7. Home Country 

While you enjoyed your time abroad, you will be excited to go home. You probably figured out how to adapt to things that were different, but you’ll be happy to have the little things back in life, like your favorite food. As soon as you land, you’ll transition to the next stage. 

8. Honeymoon Stage

The honeymoon stage also occurs when you make it back home, because you’ll be excited to have your things back. I know I really missed my bed and my dog! For me, this stage lasted a couple days. Everyone was excited to see me again, and I was happy to be home. 

9. Disintegration Stage

After a few days, I ended up in this stage as life got back to normal for everyone and I tried to pick up where I left off. This stage and the next one is where my article from last month can come in handy. While your time abroad may have been life-changing for you, keep in mind that everyone else continued to live their life, and you will need to most likely get ready for your next semester of school. 

10. Reintegration Stage 

By using my tips from my articles here, you’ll be able to move to the reintegration stage faster. Figuring out how to talk about your experience and make an impact are the fastest ways to get this stage. I personally volunteered with our study abroad office and that helped me with my reverse culture shock. This stage won’t last forever, but it can be hard for some to cope with knowing how life used to be and the way life is now. 

11. Autonomy Stage 

Once you finally get back into your routine and establish new habits, you’ll be able to move into this stage. For me, this came about 2 weeks after going back to school when things started to click again. There were still moments of awkwardness because, of course, some of my friends’ lives continued while I went abroad, and things weren’t quite what I expected when I came back. But, I would say things were mostly back to normal by this point. I was starting to get back into my normal college routine.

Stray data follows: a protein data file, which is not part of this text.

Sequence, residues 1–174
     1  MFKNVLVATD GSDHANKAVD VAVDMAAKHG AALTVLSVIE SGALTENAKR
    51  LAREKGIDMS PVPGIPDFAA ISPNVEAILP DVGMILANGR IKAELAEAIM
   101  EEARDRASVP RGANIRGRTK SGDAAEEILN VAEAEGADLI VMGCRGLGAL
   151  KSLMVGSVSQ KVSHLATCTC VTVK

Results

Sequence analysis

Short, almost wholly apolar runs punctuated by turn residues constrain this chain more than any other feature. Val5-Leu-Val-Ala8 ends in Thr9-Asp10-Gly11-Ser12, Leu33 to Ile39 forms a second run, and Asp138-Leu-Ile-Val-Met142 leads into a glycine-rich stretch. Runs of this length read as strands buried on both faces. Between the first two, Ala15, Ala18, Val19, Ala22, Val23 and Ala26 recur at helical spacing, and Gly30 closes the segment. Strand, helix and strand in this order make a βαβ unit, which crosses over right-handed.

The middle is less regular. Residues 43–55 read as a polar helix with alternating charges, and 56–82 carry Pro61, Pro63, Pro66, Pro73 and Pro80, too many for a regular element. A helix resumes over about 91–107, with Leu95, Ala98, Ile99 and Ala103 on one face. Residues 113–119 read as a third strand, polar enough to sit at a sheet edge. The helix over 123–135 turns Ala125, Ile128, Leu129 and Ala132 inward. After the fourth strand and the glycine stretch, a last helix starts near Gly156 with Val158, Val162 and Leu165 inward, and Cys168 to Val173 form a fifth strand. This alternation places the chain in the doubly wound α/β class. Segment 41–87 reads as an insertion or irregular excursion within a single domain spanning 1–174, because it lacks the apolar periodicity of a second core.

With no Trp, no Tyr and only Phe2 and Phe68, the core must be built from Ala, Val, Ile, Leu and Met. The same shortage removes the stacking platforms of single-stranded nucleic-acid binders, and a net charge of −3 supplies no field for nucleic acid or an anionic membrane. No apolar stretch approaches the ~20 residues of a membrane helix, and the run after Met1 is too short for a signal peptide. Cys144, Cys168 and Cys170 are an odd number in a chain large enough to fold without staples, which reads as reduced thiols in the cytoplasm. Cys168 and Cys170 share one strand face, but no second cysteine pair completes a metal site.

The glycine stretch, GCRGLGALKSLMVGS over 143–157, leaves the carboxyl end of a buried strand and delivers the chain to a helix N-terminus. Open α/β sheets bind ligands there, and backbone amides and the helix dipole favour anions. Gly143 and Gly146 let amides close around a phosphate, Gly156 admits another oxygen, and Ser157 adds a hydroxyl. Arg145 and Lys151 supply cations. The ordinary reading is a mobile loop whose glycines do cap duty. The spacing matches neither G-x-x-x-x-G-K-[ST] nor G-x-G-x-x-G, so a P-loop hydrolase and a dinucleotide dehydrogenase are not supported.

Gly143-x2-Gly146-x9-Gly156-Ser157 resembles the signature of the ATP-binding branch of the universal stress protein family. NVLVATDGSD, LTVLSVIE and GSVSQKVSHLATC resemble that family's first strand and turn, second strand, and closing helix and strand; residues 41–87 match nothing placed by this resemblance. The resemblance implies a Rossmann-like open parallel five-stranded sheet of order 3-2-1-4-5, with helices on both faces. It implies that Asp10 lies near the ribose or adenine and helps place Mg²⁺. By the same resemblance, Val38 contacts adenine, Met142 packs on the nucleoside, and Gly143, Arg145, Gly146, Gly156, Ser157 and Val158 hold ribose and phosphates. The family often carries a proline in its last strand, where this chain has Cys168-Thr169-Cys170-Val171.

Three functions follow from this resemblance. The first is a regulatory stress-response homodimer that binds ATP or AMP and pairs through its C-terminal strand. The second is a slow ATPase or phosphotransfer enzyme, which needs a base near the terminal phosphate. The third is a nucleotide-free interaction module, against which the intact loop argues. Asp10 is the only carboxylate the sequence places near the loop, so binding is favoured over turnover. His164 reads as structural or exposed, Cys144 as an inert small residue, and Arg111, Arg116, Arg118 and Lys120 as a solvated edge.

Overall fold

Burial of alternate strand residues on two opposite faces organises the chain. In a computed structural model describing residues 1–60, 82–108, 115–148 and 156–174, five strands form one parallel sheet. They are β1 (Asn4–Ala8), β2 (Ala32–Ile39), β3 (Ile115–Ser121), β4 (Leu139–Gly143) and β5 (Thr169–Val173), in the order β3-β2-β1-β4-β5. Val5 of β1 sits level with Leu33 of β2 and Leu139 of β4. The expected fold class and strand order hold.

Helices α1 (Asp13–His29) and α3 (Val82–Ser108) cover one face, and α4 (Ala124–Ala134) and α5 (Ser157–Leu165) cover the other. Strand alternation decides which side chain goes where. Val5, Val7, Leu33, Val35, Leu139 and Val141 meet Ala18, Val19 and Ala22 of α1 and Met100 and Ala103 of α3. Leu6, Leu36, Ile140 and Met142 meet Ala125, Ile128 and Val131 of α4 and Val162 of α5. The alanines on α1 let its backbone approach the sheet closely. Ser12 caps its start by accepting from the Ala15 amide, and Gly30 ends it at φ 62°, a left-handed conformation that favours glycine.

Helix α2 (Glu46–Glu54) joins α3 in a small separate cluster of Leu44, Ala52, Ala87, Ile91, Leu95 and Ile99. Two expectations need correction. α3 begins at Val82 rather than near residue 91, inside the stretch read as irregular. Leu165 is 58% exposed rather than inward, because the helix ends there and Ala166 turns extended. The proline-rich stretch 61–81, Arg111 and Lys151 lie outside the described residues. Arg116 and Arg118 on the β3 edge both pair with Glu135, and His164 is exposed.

12. Independence Stage 

This is the final stage when you re-adjust to your new normal. You’ll always have your experience, but by this point you’ve learned how to talk about it. You know you’ve made it to this stage when things no longer seem awkward and you feel like life is normal again. This probably happens about a month after being home. It does take some time but using my tips can help speed things up for you. Understanding what you’re going through can help you move through the stages a lot faster and feel back to normal sooner. 

Now that we’ve walked through the stages, I hope you are still excited about your trip, but now are aware of what to expect. While living abroad really is an emotional roller coaster, think of it as a great experience you’ll have for the future and it’ll help you grow as a person. While I learned a lot while I was abroad, it was the skills I learned going through the stages that have really stuck with me. 

 

 

Heather Robinette is the London Study Abroad Editor for Wandering Educators. She notes, "During the summer of 2011, I studied abroad for six weeks in London at the University of Westminster with Academics Programs International. I graduated from Kansas State University in Manhattan, KS in December 2012 with a Bachelor of Science in Business Administration. In May 2018, I graduated from Emporia State University in Emporia, KS with my MBA. I currently work as a marketing manager for a tech start-up in Dallas, TX. While I was abroad in London, I was able to create many unforgettable memories that I will never forget! My study abroad experience helped me gain various skills, but above all else, it helped me to learn more about myself and the world around me." You can find her online at http://www.heatherrobinette.com

 

Click here to read more of Heather's articles about studying abroad in London.